German Christmas Bread goes by many different names~
Christmas Stollen, Christstollen,
Stollen, Strutzel, Striezel,
Stollen or Christstollen~
Is traditionally baked during Advent,
a holy season of the Christian Church,
the days of preparation for the celebration of the Nativity of Christ.
The Christstollen or Stollen is a formed cake filled
with dried fruits, nuts and covered in powdered sugar.
It is available only during Advent and
Its shape is said to resemble the
Christ Child wrapped in a blanket.
Dresden is known for its Christkindlmarket and
has the most famous Christmas Stollen.
You can bake your own stollen with little trouble and
in only a few hours time.
Christmas Stollen or Christstollen
is full of nuts, raisins and candied fruit.
Made a few weeks in advance,
allows the flavors to mellow and the fruits to soften.
Read more about Stollen after the recipe.
dark and golden raisins
candied orange peel
candied lemon peel
dark rum or brandy
all purpose flour
zest from one
sweet, unsalted butter, soften
whole almonds, blanched, peeled and chopped
- Soak raisins, candied fruit and almonds in rum overnight; stirring occasionally.
- Dissolve yeast in warm milk and add a pinch of sugar.
- Proof for 10 minutes or until bubbles form.
- Mix flour, egg, yeast mixture, sugar, vanilla extract, lemon peel and salt with a spoon or a stand mixer using the dough hook for several minutes.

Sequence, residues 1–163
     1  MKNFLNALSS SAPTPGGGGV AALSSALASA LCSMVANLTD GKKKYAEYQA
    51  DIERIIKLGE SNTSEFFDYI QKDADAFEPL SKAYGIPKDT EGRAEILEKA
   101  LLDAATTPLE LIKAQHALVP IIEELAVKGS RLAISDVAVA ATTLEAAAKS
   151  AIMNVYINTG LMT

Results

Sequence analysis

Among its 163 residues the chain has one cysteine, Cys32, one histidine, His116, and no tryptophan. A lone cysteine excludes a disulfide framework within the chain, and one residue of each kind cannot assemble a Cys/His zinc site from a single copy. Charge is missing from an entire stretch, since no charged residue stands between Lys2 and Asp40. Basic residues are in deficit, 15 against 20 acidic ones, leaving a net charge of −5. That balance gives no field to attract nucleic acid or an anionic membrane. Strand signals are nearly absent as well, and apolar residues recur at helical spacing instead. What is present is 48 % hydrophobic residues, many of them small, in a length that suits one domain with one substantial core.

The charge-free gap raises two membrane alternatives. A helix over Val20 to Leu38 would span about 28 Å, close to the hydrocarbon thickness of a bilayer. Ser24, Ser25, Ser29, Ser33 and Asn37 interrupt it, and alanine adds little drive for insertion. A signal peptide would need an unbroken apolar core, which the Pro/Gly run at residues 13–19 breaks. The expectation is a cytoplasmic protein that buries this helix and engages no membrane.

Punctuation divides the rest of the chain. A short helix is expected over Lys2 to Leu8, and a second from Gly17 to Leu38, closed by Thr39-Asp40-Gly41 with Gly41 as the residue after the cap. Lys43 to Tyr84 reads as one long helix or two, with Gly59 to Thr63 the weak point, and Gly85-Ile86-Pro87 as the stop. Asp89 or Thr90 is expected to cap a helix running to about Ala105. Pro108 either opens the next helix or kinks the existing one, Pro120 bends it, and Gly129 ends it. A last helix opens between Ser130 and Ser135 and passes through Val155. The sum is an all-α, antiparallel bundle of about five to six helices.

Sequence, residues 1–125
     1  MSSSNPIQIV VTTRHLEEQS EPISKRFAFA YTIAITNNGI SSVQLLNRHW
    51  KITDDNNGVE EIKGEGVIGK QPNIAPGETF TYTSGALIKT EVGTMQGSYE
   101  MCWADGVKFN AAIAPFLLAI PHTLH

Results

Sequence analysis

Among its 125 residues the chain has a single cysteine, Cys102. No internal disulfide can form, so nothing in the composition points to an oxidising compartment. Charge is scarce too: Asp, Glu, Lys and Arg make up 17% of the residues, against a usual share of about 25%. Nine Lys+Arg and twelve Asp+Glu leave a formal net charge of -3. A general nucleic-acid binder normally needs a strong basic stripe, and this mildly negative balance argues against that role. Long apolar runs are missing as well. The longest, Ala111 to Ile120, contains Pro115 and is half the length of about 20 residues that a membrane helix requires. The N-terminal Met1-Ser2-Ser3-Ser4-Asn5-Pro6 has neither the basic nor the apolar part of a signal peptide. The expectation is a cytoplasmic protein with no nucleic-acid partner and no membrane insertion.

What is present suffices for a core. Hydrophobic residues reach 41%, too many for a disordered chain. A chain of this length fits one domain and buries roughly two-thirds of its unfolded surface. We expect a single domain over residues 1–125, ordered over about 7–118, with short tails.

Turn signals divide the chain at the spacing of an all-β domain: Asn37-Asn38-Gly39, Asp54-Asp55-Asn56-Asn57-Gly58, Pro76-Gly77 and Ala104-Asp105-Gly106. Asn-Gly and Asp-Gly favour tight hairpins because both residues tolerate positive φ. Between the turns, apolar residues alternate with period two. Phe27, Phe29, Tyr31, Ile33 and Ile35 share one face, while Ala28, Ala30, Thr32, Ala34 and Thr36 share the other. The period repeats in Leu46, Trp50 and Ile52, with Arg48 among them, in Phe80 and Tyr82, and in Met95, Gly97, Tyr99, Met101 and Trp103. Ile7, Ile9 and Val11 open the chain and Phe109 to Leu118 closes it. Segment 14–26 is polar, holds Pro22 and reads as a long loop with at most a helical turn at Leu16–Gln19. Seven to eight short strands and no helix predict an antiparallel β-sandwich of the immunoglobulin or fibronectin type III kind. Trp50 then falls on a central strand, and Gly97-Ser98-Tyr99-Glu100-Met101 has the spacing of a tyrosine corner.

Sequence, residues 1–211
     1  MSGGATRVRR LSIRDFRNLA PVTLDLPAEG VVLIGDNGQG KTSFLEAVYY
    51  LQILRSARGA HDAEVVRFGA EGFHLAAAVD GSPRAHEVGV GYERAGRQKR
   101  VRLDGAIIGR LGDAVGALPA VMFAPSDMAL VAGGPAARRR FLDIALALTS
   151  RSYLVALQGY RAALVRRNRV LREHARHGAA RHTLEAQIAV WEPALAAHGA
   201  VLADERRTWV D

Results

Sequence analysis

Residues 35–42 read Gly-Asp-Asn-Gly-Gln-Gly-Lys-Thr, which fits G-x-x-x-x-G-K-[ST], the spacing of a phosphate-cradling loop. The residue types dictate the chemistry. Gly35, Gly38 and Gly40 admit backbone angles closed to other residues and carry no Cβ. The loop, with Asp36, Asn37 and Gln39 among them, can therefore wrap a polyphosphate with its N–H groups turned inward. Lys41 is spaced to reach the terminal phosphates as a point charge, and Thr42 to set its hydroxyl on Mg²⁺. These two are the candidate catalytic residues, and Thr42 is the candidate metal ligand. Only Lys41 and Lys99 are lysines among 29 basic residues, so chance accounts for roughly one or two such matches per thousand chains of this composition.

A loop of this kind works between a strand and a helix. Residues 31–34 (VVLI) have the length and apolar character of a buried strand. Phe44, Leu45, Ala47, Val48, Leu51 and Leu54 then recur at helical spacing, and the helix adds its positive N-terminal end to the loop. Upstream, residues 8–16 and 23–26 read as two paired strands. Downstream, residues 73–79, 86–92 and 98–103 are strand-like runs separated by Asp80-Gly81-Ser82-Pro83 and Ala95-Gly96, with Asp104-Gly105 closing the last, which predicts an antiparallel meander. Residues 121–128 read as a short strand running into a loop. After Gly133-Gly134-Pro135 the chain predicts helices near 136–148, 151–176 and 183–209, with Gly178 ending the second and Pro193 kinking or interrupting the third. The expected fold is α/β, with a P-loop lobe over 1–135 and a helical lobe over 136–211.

- Dough should just come together and not be very smooth yet.
- Remove from bowl and set aside while you do the next step.
- Cream the butter and 2/3 cup flour with the nutmeg and cardamom until smooth.
- Add the yeast dough back to the bowl and work the dough with a dough hook or by hand until the butter and flour mixture are completely incorporated. This should yield a smooth dough. Let dough rest, covered for 30 minutes. Turn the dough out onto lightly floured work surface.
- Knead in fruit and chopped almonds. Let rest again for 15 minutes.
- Divide the dough into 30 to 40 pieces, rolling each piece into a ball. Place the balls on a parchment-lined baking sheet about 1 inch apart. Cover and let rise 45 minutes or until balls are puffy. Bake stollen bites at 350 degrees for 18 to 20 minutes or until light brown.
- Remove from oven and cool for 10 minutes.
- Toss stollen bites in melted butter, then toss bites in confectioners’ sugar.
- Allow to cool completely on a wire rack before wrapping and storing.
- Stollen bites keep well for a week at room temperature or you can freeze them for longer storage.
The traditional German Stollen is a colorful collection of
nuts, raisins, currants, candied orange and lemon peel,
along with the traditional spices of the season such as:
cinnamon, nutmeg, cardamon, mace, cloves,
along with brandy, rum and butter, with lots of butter.
Marzipan is sometimes used as a filling.
When additional ingredients are used,
these ingredients determine the type of Stollen the cake becomes.
There are many recipes for Stollen to choose from.
Find the recipe you and your family enjoys and
make it part of your family traditions.
Last year on t2t: German Stollen
Types of Stollen:
This type of Stollen which the dough contains 20 grams of almonds for every 100 grams of flour. Sometimes almond-paste is added, however this is not traditional.
This type of Stollen contains at least 40 grams of butter or butter-fat for every 100 grams of flour. It must contain 70 grams of dried fruits and candied orange and lemon peels. Of this 70 grams, 10 grams may be from almonds or marzipan.
This type of Stollen contains a minimum of 20 grams of poppyseeds for every 100 grams of flour. Usually this is added as a filling and not simply mixed throughout the dough. Dried fruits and candied orange and lemon peels may or may not be added to the dough.